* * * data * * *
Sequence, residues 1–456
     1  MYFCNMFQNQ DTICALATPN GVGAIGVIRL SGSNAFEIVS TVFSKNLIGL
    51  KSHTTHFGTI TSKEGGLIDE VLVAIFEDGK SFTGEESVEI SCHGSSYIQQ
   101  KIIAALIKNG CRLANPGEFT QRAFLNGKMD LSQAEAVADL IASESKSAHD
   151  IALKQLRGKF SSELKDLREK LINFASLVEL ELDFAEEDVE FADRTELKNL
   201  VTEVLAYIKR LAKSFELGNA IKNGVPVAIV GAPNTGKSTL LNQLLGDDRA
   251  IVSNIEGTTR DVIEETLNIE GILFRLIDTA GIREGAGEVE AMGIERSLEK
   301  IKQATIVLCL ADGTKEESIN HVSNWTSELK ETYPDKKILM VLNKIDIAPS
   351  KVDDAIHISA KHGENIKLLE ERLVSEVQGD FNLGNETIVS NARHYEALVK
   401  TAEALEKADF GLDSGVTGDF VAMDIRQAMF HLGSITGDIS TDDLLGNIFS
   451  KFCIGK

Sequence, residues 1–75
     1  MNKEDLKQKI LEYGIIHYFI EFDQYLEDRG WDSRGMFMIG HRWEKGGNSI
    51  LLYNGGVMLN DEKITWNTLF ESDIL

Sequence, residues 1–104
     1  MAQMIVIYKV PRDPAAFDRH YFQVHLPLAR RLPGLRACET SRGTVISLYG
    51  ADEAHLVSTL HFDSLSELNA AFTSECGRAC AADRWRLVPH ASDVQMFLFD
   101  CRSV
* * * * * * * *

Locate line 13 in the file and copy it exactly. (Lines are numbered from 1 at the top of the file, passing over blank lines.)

     1  MNKEDLKQKI LEYGIIHYFI EFDQYLEDRG WDSRGMFMIG HRWEKGGNSI